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Jules Verne’s dream
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Jules Verne’s dream

No noise, no emissions, no wearing parts: Hydrogen fuel cells are among the hot candidates for tomorrow's mobility. The technology that inspired the visionary and writer Jules Verne as early as the 19th century is now closer than ever to being used in series production.

The traffic revolution comes quietly and cleanly: in a mini power plant under the bonnet, hydrogen reacts silently with oxygen on wafer-thin membranes. The result is energy and - pure water. Fuel cells are the name of the filigree energy converters stacked in so-called "stacks" with the potential to change mobility profoundly.

Drives like an electric car, quiet like an electric car, is an electric car - only a drive battery is not on board. Instead, an exhaust pipe at the rear discreetly indicates the working principle of the test vehicle. There is no doubt that a fuel cell produces the energy for the electric motor. Nothing comes out of the tailpipe but water vapour, the best drinking water quality. It could hardly be more environmentally friendly. Filling up the hydrogen for the fuel cell is almost as fast as with a petrol or diesel engine and the range can also keep up with internal combustion engines. 

A lot of  advantages over the battery car, but it is not that simple. A nationwide hydrogen infrastructure is not yet in place in Europe and the construction of a filling station network is expensive. Above all, electricity from renewable sources must be used for the energy-intensive production of hydrogen so that the environmental advantages of hydrogen technology are maintained. The technology itself also currently costs more than battery systems. The main area of application for fuel cell vehicles is therefore primarily in freight transport on road and rail, where they can exploit their range advantage. The advantage of hydrogen trucks: the transporters do not have to lug around batteries weighing tons, which come at the expense of payload, and the high efficiency of 60 percent beats any diesel engine.

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Michelin involved with joint venture

All in all, the potential of hydrogen technology is enormous - which is why Michelin, with its subsidiary Symbio Fcell, has been one of the players in the development of fuel cell systems since 2014. In November 2019, the Group put its commitment on an even broader footing and agreed with automotive supplier Faurecia to set up the joint venture SYMBIO, A FAURECIA MICHELIN HYDROGEN COMPANY. The joint venture combines all activities of the partners on hydrogen fuel cells - and they are extremely diverse: The creative joint venture has already developed the compact Kangoo Z.E. Hydrogen into a fuel cell city delivery van ready for series production in cooperation with Renault. Vans and trucks are also on the road as test vehicles with the environmentally friendly drive technology. Other projects signal the almost endless spectrum that hydrogen can cover: SYMBIO fuel cell technology is also used in construction machinery and even in excursion boats.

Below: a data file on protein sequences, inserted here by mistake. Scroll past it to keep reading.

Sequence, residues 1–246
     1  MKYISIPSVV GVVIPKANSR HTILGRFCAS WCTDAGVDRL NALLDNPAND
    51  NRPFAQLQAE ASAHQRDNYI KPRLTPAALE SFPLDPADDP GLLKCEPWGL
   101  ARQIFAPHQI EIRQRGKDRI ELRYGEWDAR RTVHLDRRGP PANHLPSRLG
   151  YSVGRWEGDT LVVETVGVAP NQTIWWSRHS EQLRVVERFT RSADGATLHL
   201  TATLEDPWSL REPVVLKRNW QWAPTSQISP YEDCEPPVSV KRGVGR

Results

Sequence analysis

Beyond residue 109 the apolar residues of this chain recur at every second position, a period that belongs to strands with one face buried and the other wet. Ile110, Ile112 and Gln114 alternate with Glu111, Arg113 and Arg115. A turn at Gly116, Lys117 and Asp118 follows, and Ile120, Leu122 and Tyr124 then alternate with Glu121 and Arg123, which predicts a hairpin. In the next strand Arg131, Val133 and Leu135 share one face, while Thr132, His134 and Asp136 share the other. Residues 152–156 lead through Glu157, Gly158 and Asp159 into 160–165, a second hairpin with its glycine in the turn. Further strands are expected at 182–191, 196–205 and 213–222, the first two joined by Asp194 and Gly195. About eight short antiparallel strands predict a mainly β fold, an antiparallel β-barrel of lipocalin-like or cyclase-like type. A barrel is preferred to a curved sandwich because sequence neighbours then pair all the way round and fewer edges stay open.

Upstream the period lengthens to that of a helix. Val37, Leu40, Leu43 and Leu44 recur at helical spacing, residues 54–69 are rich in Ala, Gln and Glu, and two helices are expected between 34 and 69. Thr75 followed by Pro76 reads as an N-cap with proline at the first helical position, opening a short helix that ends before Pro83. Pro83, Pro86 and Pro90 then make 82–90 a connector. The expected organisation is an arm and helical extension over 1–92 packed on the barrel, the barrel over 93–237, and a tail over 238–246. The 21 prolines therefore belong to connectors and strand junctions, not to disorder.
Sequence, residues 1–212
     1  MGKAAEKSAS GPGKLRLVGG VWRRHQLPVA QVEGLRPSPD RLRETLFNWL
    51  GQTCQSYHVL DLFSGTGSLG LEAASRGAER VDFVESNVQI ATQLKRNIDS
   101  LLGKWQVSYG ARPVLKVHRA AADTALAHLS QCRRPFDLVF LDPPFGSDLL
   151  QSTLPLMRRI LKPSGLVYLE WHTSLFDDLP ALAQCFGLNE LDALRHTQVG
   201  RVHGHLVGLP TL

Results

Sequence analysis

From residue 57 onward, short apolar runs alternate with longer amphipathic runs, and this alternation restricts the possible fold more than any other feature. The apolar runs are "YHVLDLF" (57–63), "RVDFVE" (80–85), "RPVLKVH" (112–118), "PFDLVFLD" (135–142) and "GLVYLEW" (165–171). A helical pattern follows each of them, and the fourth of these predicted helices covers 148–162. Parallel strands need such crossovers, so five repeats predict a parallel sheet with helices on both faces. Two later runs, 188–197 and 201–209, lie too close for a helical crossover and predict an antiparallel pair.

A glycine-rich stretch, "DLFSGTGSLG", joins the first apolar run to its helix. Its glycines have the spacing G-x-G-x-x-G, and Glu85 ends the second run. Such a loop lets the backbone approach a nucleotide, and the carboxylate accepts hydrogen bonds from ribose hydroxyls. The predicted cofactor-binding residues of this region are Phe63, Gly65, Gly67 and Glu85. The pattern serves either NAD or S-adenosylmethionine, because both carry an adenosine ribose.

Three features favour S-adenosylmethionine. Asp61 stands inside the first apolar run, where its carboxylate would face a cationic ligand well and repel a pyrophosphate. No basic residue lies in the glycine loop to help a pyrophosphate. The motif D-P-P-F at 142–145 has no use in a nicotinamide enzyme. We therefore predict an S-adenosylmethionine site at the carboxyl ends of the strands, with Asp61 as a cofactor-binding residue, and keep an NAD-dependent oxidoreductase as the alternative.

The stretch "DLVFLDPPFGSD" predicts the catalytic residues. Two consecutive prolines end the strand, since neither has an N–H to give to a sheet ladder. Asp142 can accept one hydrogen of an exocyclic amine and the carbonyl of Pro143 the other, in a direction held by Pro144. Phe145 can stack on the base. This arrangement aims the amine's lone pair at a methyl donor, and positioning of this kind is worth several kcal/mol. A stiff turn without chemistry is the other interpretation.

Water is the coal of the future. Tomorrow's energy is water that has been decomposed by electric current. The elements of water thus decomposed, hydrogen and oxygen, will secure the earth's energy supply for the foreseeable future.

Jules Verne, French writer

Cold combustion

Even though it is considered a technology of the future, the principle of the fuel cell dates back to the infancy of electricity research. In 1838, the chemist Christian Friedrich Schönbein dipped two platinum wires in sulphuric acid, surrounded them with hydrogen and oxygen and discovered a voltage between them. "Cold combustion" is the name of this electrochemical reaction that produces water, electricity and heat. Especially in the early days, science expected a lot from the invention. None other than Jules Verne predicted in 1875: "Water is the coal of the future. Tomorrow's energy is water that has been broken down by electric current. The elements of water thus decomposed, hydrogen and oxygen, will secure the earth's energy supply for the unforeseeable time."

But it was not until the 1950s that interest in the fuel cell grew again, initially through the search for a powerful and quiet energy source for submarines. This made the vision of Jules Verne, the creator of Captain Nemo and the famous submarine Nautilus, a bit of a reality. From the 1990s onwards, research was given new impetus by various oil crises and the need to develop new and clean energy sources.

 

 

Vision on the verge of reality

In view of ever stricter emission regulations, Jules Verne's vision is more relevant today than ever before. More and more manufacturers, supported by partners like SYMBIO, are pushing the development of fuel cell trucks. According to forecasts, more than 2.3 million hydrogen-powered cars and trucks are expected to be on the road in 2030. The start of mass production will also bring down the cost of the technology.

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    David Johnson

    PR Manager, Michelin UK and Ireland

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